Clifford’s Tower – York Castle

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York resident and regular contributor. Fascinated by this historic city and always keen to promote local, independent businesses. The man taking the photographs and tweeting from @Jorvik

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Clifford’s Tower is the last remaining part of one of the two castles built in York in 1068 by William the Conqueror. Originally part of York Castle on the West side of the River Ouse, opposite Baile Hill Castle on the East, the two castles controlled the entrance into the City via the water.

Painting showing the two Norman-buit Castles, York Castle to the right of the River Ouse

The original structure, known as the ‘King’s Tower’ was on a lower mound of earth and was made of wood. After being burnt down in 1190 to try and remove all memory of the Massacre of the Jews the tower was then rebuilt on a higher mound of earth at great expense before being destroyed by a gale in 1245. It was then ordered to be rebuilt in stone in the late 13th Century which produced the larger (15m x 61m) quatrafoil design we have today.

Plaque in memory of the Massacre of the Jews in 1190 at the base of Cliffords Tower

The plaque reads:

On the night of Friday 16th March 1190 some 150 Jews and Jewesses of York having sought protection in the Royal Castle on this site from a mob incited by Richard Malebisse and others choose to die at each others hands rather than renounce their faith.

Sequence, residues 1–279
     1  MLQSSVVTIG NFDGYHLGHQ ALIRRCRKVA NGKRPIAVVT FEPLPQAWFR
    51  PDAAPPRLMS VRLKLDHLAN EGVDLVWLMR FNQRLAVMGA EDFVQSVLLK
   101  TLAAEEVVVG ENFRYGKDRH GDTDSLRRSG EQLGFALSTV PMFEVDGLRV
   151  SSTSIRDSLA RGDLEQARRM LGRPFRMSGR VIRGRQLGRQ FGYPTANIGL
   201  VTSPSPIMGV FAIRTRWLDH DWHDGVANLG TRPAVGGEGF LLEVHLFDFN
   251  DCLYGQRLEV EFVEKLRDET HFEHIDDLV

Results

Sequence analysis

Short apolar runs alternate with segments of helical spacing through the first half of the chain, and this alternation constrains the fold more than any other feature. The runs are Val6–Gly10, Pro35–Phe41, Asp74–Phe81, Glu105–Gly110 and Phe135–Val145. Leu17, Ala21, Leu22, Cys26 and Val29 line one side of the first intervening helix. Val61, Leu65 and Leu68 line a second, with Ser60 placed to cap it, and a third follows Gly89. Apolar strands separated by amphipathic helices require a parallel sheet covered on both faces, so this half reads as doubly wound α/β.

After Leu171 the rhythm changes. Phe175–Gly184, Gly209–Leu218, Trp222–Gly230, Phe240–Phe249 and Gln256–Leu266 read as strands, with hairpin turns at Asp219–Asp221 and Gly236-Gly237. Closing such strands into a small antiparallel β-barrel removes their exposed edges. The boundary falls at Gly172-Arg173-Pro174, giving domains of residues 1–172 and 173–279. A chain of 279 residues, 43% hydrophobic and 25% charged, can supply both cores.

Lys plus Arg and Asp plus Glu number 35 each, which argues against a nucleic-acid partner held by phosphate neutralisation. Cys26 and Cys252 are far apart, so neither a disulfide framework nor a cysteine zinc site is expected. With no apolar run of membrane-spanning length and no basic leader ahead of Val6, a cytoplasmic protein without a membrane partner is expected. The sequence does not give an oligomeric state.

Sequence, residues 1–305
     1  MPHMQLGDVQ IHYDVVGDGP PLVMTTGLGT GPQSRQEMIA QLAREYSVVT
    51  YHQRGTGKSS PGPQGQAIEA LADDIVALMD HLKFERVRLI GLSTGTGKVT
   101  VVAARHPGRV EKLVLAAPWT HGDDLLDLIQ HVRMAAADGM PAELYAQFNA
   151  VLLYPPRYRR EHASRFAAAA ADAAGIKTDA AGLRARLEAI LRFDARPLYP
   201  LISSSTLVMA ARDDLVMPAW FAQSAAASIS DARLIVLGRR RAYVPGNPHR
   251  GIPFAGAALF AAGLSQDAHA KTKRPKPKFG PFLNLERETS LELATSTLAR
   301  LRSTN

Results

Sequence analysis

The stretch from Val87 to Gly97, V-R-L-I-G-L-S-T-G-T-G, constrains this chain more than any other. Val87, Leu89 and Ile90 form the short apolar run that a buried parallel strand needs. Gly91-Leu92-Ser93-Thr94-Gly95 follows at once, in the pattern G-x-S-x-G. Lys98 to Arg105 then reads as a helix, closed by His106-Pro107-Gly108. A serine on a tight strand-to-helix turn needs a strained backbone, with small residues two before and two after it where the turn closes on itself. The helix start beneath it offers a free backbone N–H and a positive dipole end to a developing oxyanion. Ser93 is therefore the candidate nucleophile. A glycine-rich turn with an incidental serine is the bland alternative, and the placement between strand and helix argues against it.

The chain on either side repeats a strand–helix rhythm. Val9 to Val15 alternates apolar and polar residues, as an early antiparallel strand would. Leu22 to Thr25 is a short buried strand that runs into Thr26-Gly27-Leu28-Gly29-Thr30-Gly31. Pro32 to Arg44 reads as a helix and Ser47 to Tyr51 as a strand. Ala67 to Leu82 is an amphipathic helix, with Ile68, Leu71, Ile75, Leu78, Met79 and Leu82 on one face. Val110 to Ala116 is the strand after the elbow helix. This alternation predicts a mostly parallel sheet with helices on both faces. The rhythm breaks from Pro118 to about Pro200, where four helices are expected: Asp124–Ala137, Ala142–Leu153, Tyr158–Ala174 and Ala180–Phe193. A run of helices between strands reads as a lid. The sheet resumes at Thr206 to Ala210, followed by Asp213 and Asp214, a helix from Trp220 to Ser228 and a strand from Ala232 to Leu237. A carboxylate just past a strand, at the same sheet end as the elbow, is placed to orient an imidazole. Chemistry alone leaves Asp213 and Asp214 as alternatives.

The castle, built on the site of a Roman cemetery, has always been the centre of law and jurisdiction, being home to the Sheriff of Yorkshire, housing the County Courts within the bailey and operating as a jail, that is until it was found out the jailer, Robert Redhead, was selling off the stone the tower was built from for his own personal gain. It has also served as a Royal Mint and a fort that was garrisoned up until 1690, despite in 1684 losing its wooden roof and most of its internals after a St George’s Day seven-canon salute didn’t quite go to plan.

The tower was also used to display the bodies of enemies and traitors as a reminder by King Henry VIII. In 1322 Roger de Clifford was hanged from the tower by chains in response to his opposition of Edward II, this s thought to be why the name changed to Clifford’s Tower.

Today the tower is managed by English Heritage who allow visitors into the tower and walk around the top perimeter where there are some truly awesome views across the City to be had.

Looking out from the top of Clifford's Tower towards Baile Hill

Looking out from the top of Clifford’s Tower towards Baile Hill

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